NC State turtle team rescues injured turtles

Turtles are threatened by traffic, lawn equipment and a shrinking habitat in North Carolina’s growing Research Triangle region. Students at the NC State College of Veterinary Medicine bring the latest medical science to a volunteer team that rescues injured turtles.

RALEIGH, NC——A sign declaring “This office is protected by an Attack Turtle” hangs on the door. The office itself is located in a back corner of the Veterinary Health and Wellness Center at North Carolina State University’s College of Veterinary Medicine. The sound of barking dogs fills the space, even though the patients in the room are quiet. This is the office of the Turtle Rescue Team.

Plastic tubs and containers fill almost every shelf space in this cramped office. Turtles of various sizes, colors and species sit inside every tub.

“Part of the reason we care for the turtles is to give back to our community,” said Chris Masterson, an NCSU veterinarian student. “Because overpopulation is occurring we are taking more of their habitat, so this is a way we make up for what we are doing to the turtles, by taking care of the turtles and giving them a better life and putting them back in a place where they are a little more safe.”

Medical science mixes with common sense to care for injuries in this most unique of hospitals. Roughly 80 student volunteers who are veterinarian students or preparing for veterinarian school make up the team. They handle everything from intake and triage to care and release.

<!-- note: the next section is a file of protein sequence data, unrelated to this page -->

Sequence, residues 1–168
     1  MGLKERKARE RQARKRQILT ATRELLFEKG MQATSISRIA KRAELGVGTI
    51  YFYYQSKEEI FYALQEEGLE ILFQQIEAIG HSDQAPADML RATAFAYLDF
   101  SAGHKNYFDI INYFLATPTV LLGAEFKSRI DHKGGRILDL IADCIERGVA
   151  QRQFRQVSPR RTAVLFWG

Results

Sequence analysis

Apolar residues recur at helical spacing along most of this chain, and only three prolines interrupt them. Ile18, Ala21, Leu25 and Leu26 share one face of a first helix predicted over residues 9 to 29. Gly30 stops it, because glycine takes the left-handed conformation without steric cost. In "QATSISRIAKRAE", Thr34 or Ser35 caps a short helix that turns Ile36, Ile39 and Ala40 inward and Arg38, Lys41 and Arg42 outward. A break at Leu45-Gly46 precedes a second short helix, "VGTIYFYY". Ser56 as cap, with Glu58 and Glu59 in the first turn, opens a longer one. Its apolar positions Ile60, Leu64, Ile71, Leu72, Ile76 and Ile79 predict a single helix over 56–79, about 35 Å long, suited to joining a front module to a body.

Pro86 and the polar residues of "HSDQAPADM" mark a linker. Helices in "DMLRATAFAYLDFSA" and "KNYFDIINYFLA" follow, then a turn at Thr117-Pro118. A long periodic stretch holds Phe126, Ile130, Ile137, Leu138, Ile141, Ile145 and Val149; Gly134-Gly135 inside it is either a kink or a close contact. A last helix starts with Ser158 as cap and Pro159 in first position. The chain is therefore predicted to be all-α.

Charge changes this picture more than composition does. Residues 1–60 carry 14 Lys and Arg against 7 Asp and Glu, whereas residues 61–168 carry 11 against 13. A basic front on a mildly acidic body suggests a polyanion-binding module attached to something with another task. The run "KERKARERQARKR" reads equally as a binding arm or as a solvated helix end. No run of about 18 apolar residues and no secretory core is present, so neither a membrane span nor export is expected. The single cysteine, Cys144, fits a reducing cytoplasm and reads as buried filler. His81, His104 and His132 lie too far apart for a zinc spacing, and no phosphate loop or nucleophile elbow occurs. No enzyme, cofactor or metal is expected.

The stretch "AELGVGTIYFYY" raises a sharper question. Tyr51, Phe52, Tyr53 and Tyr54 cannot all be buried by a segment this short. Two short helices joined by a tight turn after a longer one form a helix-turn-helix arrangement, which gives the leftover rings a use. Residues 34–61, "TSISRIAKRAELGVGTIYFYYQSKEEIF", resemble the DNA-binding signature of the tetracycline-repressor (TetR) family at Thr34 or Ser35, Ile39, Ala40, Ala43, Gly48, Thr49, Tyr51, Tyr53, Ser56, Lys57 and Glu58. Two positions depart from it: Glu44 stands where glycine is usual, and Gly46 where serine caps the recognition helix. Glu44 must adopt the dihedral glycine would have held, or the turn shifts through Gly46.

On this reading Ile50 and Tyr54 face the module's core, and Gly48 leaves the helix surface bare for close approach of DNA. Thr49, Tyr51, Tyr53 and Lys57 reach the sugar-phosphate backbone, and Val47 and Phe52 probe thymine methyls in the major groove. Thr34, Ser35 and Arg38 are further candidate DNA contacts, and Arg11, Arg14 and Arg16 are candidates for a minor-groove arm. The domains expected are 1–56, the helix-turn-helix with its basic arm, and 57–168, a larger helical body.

Cowfish, a giant snapping turtle is a typical patient. The turtle was found along the side of the road after having been hit by a car. Veterinarian student Mandy Womble is applying an anti-microbial ointment to the shell while veterinarian Gregory Lewbart, the program’s founder, holds Cowfish.

“We tried to repair the shell a little bit and we flushed it out to clean the wound, but right now we’re using this ointment to try and prevent any infection and also promote shell healing,” said Womble, as she used a small cotton applicator to cover the crack with a thick coating of the white ointment. “I think this will heal nicely even though it’s not totally aligned. But it will keratinize just like your fingernail.”

Womble then uses a small flashlight to try and look into and down Cowfish’s neck as the doctor picks up the large turtle. Cowfish apparently doesn’t like that and begins to squirm. Holding onto a large turtle as it wiggles isn’t easy. The doctor struggles but the student smiles.

“I love it when they are this active because that’s a good sign, it means they are feeling better,” adds Womble. “Snapping turtles aren’t very snappy or very aggressive when they are sick, so the fact he’s getting mad means he’s recovering and should be ready to be released soon.”

Vehicle strikes are the number one cause of turtle injuries, strikes by lawn equipment rank second, dog attacks are number three. A turtle-car collision appears to be what happened to another of the Rescue Team’s patients; the box turtle named Walking Stick. The turtle who are brought to the Rescue Team for care are all named by the students after other species.